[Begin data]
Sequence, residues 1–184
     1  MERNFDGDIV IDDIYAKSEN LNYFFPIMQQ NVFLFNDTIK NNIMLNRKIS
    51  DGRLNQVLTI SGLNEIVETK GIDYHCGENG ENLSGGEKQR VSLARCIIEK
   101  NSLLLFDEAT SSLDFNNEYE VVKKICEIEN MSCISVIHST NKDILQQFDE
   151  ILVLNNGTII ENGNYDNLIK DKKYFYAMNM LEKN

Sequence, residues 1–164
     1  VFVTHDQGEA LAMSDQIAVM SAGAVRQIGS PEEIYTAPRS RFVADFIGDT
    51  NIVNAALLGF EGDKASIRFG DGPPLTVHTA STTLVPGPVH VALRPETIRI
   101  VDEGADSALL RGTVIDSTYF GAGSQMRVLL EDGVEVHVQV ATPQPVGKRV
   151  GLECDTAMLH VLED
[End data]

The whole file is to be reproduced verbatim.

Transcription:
Sequence, residues 1–184
     1  MERNFDGDIV IDDIYAKSEN LNYFFPIMQQ NVFLFNDTIK NNIMLNRKIS
    51  DGRLNQVLTI SGLNEIVETK GIDYHCGENG ENLSGGEKQR VSLARCIIEK
   101  NSLLLFDEAT SSLDFNNEYE VVKKICEIEN MSCISVIHST NKDILQQFDE
   151  ILVLNNGTII ENGNYDNLIK DKKYFYAMNM LEKN

Sequence, residues 1–164
     1  VFVTHDQGEA LAMSDQIAVM SAGAVRQIGS PEEIYTAPRS RFVADFIGDT
    51  NIVNAALLGF EGDKASIRFG DGPPLTVHTA STTLVPGPVH VALRPETIRI
   101  VDEGADSALL RGTVIDSTYF GAGSQMRVLL EDGVEVHVQV ATPQPVGKRV
   151  GLECDTAMLH VLED